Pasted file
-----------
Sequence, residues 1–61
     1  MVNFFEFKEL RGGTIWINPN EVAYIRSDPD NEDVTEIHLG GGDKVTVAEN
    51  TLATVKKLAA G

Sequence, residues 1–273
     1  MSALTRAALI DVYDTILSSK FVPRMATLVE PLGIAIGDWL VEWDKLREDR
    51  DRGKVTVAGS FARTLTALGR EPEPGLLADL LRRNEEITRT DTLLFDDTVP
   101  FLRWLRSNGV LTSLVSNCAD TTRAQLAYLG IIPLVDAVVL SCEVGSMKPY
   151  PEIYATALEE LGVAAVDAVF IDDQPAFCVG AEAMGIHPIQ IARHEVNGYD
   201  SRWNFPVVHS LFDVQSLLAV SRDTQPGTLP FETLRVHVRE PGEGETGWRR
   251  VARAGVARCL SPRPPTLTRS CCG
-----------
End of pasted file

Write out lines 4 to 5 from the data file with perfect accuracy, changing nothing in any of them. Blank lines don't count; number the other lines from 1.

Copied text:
Sequence, residues 1–273
     1  MSALTRAALI DVYDTILSSK FVPRMATLVE PLGIAIGDWL VEWDKLREDR